TECHNOLOGY

How to Future Proof
Today’s Machine Translation

By Bart Mączyński

In 1980, the American writer and futurologist Alvin Toffler published a book entitled The Third Wave. The book talked about the transition from the industrial age (second wave) to the information age (third wave), describing some characteristics of the future society: a move from standardization to personalization, the gradual loss of societal consensus, and the eclipse of manufacturing goods by manufacturing knowledge. The world we live in now is not that far from Toffler’s predictions.

On the knowledge production front alone, it is estimated that each day our human civilization generates about 2.5 quintillion bytes of textual content. I have no way of verifying that estimate — nor do I remember where I read it. Quintillion is a word that sits towards that funny end of the scale where quantities are so huge that they are difficult to imagine. It is 10 to the power of 18: one million trillion or one billion billion. How many bytes is 10^18? More than there are stars in the observable universe. Or, to make it more tangible: If you printed one day’s worth of text on a stack of standard letter paper, your stack would be almost two miles high. That’s a lot of text (and a lot of paper).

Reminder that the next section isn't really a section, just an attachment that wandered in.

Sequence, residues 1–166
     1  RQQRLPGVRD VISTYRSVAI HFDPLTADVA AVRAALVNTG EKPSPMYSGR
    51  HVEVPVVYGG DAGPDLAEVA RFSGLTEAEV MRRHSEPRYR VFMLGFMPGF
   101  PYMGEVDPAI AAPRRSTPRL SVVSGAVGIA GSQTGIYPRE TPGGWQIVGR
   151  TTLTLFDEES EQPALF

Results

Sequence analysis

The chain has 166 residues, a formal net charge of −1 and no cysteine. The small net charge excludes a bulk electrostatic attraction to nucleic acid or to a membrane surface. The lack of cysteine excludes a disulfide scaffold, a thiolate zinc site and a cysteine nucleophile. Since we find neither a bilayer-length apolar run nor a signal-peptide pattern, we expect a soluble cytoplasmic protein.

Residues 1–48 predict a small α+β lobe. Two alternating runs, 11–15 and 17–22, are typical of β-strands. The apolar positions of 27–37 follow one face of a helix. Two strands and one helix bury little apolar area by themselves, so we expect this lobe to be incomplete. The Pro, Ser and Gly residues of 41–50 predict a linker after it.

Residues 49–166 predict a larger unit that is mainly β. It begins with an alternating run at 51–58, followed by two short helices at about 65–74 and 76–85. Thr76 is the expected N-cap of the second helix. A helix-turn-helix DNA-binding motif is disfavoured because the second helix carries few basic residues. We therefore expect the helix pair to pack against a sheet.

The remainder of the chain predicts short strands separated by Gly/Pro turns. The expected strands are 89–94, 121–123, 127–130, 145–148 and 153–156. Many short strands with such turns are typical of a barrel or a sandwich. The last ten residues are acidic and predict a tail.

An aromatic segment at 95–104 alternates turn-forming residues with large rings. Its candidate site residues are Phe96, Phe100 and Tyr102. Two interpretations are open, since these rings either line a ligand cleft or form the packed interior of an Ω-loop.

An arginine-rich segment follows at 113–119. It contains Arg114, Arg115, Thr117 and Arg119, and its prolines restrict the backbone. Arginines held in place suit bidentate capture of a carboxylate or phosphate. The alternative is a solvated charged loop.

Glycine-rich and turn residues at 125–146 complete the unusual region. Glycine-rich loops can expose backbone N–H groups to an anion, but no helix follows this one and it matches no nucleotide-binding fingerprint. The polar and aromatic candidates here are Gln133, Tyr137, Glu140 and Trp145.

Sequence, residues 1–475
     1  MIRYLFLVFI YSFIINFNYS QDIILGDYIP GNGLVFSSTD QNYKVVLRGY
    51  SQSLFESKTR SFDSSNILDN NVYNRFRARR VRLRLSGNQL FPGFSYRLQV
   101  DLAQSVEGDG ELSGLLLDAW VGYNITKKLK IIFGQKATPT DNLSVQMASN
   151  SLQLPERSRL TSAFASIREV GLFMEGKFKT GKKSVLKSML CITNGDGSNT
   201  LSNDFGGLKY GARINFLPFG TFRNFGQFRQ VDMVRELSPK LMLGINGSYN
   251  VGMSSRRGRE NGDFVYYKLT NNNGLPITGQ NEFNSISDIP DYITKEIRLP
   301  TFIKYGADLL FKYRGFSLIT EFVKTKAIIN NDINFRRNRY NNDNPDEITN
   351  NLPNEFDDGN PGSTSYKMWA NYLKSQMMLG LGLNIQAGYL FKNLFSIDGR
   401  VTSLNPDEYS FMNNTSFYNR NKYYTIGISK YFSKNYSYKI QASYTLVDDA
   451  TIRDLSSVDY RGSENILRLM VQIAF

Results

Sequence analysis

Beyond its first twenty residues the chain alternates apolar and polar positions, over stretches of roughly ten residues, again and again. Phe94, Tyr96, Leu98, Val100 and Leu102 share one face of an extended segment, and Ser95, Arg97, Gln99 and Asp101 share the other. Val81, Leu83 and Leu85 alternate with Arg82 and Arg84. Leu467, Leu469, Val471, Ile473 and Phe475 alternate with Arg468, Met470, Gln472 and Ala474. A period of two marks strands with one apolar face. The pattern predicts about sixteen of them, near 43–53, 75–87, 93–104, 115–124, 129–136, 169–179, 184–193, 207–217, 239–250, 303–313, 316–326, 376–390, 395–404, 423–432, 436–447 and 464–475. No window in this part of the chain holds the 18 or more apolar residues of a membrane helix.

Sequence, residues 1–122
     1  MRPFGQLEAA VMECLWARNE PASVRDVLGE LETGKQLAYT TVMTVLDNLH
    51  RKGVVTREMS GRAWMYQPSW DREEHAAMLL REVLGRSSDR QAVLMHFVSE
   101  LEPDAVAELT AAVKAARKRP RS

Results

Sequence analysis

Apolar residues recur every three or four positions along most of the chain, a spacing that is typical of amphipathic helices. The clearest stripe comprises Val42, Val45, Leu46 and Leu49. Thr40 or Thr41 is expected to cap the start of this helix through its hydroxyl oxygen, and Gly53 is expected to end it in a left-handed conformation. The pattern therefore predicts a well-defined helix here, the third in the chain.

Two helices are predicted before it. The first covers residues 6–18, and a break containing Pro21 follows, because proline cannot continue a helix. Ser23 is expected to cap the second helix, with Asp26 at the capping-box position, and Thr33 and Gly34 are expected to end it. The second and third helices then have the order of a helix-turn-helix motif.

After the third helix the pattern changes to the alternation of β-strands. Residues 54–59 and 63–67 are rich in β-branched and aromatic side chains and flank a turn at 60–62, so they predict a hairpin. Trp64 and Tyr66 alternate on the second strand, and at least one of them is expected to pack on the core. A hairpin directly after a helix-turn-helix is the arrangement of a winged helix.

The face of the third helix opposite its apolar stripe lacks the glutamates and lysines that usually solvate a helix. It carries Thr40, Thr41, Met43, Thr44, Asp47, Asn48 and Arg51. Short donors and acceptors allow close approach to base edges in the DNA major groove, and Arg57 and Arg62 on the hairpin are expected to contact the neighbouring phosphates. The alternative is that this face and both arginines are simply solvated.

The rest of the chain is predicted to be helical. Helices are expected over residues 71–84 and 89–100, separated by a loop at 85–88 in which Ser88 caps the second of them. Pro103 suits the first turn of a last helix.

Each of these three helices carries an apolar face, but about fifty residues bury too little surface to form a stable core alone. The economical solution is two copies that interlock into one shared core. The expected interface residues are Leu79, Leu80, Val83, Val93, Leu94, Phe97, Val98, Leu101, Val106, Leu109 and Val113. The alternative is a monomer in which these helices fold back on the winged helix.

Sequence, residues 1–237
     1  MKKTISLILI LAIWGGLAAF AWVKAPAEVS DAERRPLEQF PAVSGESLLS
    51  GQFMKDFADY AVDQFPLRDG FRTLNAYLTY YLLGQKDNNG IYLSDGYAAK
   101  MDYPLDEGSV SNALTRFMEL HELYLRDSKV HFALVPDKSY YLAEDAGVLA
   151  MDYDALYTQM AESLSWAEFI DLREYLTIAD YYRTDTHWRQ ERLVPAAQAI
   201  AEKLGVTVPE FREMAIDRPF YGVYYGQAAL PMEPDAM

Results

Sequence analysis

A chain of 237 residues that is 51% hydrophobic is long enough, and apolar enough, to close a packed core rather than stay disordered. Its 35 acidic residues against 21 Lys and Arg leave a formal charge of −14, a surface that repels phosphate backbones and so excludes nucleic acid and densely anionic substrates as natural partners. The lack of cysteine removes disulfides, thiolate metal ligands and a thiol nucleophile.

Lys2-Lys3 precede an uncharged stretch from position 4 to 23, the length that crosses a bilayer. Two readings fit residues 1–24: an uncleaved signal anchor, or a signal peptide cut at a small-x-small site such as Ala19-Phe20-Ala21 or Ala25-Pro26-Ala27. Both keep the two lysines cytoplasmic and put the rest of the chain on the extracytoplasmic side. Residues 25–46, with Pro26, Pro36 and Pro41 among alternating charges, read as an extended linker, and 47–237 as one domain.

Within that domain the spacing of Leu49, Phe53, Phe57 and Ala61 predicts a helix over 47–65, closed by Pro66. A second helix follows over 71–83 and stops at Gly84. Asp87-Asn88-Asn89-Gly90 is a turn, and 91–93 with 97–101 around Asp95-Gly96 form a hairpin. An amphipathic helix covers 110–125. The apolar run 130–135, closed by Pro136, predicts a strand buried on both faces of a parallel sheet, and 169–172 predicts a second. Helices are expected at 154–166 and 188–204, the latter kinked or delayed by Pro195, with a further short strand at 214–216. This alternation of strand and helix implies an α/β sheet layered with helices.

It may be difficult to believe that we are such prolific communicators but, for illustration purposes, consider just a single tiny sliver of human activity: Let’s say a car company is launching a new model. Throughout the whole process, there are hundreds of categories of content, each with hundreds or thousands of documents, that will be created, reviewed, published, revised, and published again and again — all to support the new product throughout its life cycle. Research papers, design specifications, internal correspondence, shipping manifests, manufacturing plans, press releases, regulatory disclosures, test tables, brochures, flyers, websites, articles, price lists, advertisements, order forms, dealership instructions, training courses, finance information, sales reports, owner’s manuals, parts catalogs, service bulletins, contracts, warranties, disclosures, reviews, complaints, user forums, blog posts. And that’s just one product, from one company, in one industry. That two-mile paper stack does not seem such a stretch after all, does it?

And yet, somehow, a portion of that content needs to, and will be, translated — on time and within budget, drawing on a population of professional translators currently estimated to be only about 500.000 people strong. Even if we count translators not affiliated with any service providers, the number is going to be about 5 million people. That’s right. Only about 0.0625% of the population of this planet is considered professionally involved in translating all the text the rest of us — including corporations, governments, and other entities — produce every day.